Nkem Nwankwo (1936-2001) was a Nigerian writer (he spent the last part of his life in the US) who wrote three novels, Danda (1964), My Mercedes is Better Than Yours (1975) and The Scapegoat (1984). He also wrote short stories some of which are anthologized under the title Tales Out of School. I have just read Danda as part of my ongoing project of reading West African novels of the 50s and 60s.
This was a comparatively innocent (or a better word would be "optimistic") period when both the novels and the poetry tended to celebrate the positive aspects of traditional African life while also embracing the social responsibility of the artist. Leopold Senghor had edited the first anthology of French-language poetry from the region in 1948; he would go on to be the president of Senegal from 1960 to 1980 as well as a major theorist of post-colonial "negritude." Chinua Achebe (b.1930) published (after some difficulties with finding a publisher) Things Fall Apart in 1958, setting a high standard for regional social criticism that was as critical of traditional cultural injustice (notably injustice towards women) as it was of colonial rapine (I was surprised to learn on Wikipedia just now that he is apparently still with us and a literature professor at Columbia University in New York).
Later on the optimistic dreams of a progressive Africa governed by Africans would come up against harsh realities of entrenched tribalism and a seemingly endemic kleptocracy, particularly in Nigeria, and the relationship between African writers and their governments would become much more problematic. My Mercedes is Better Than Yours represents this harsher, later phase, as one would expect. Today Nigeria is both a huge, cosmopolitan nation and a theater of the worst kind of modern injustices, and many Nigerian intellectuals work in exile.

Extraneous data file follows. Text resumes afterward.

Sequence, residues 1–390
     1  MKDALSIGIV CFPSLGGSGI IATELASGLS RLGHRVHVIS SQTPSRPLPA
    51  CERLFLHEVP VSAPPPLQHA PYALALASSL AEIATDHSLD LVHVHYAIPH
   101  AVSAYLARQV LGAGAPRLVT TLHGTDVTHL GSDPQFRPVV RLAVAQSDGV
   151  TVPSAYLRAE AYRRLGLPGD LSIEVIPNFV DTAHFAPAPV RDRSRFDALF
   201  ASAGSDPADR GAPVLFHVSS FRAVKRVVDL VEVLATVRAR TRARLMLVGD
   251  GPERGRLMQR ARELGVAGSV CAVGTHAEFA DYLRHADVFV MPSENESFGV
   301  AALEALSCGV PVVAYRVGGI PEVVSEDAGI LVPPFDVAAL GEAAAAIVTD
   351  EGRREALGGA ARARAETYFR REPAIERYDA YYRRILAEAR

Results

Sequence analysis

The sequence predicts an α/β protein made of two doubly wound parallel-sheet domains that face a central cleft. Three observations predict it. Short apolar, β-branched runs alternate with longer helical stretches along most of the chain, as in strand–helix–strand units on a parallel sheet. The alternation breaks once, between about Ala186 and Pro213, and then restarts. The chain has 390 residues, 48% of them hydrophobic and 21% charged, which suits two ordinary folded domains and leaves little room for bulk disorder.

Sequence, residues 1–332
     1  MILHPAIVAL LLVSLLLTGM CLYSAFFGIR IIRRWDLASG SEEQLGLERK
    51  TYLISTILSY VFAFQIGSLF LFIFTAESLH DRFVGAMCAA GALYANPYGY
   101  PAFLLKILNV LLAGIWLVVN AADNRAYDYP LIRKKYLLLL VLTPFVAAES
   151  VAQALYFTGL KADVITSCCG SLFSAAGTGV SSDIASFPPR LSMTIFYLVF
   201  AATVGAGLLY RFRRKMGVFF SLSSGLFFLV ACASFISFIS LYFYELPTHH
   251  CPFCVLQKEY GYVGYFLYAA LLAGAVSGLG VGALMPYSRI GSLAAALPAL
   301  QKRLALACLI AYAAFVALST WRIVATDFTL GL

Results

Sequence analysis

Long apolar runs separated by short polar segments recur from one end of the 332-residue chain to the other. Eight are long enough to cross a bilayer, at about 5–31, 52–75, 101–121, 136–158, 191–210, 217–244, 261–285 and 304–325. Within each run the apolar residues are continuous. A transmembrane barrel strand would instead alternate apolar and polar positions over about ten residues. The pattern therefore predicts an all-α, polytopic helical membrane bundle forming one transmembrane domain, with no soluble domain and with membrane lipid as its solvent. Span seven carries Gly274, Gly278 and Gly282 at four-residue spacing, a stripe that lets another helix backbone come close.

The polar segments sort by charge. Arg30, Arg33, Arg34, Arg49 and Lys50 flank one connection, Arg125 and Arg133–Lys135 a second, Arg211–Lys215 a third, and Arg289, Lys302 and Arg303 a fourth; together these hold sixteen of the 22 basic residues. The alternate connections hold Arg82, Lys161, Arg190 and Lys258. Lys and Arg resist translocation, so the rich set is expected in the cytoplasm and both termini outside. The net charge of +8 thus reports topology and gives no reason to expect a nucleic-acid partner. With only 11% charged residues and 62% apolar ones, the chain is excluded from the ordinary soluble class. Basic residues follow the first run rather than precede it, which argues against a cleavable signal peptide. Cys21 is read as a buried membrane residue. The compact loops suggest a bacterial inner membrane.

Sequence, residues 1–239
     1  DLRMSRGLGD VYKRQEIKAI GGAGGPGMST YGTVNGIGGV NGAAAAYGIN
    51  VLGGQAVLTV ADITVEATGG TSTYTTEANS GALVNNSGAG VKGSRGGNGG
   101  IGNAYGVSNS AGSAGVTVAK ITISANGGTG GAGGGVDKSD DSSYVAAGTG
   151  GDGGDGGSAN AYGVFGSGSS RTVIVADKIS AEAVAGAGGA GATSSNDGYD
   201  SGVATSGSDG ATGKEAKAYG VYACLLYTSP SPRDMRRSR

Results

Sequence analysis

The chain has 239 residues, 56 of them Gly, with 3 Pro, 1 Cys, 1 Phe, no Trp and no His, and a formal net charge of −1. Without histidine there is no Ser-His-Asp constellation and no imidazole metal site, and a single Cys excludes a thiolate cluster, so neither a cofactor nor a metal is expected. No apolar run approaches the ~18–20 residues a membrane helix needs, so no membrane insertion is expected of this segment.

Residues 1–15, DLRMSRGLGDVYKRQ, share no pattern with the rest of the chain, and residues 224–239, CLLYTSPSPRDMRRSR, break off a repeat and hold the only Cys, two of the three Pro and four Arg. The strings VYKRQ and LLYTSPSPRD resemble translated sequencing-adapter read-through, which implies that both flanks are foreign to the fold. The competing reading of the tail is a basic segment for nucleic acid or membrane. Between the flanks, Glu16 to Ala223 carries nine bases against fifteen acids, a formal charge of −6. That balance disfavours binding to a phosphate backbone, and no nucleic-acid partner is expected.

African novels from the 60s, then, are novels from a land in historical transition. The familiarity of the writer with traditional rural village life is personal and literal, a perspective taken for granted that is difficult to replicate today. There is a great deal of abiding humor, and a great deal of educational content about language and custom. These novels tend to be short and picaresque, and focused on character and family. Our historical perspective gives them a sharp poignancy, but for myself I enjoy visiting this circumscribed world of traditional village life for its own sake: for all the hardship and trouble that we find in the African novel of the 1960s it remains a comforting and humane world, where everyone treats everyone else, friend and foe, as fellow human beings.
This is certainly true of Danda. The title character is the perennial lovable rogue, an essential character in all traditions with deep folkloric roots (classical Chinese and native North American literature share this element, "monkey" and "coyote" respectively). The errant scamp can be simultaneously the bane of authority and the champion of ancient virtues. Danda's father Araba is aging and concerned to maintain his family as ozo, a high social rank among the Ibo. His promising son, Onuma, has long since left for the city and when he returns he does not stay long. Onuma has been Christianized to such an extent that he does not want to participate in traditional obi (village compound) life. The Christian evangelists are a source of conflict because they are at once a high-status group (one must wear nice clothes to the church!) and at the same time a culturally destructive force (imagine having only one wife!). He leaves again much to Araba's disappointment.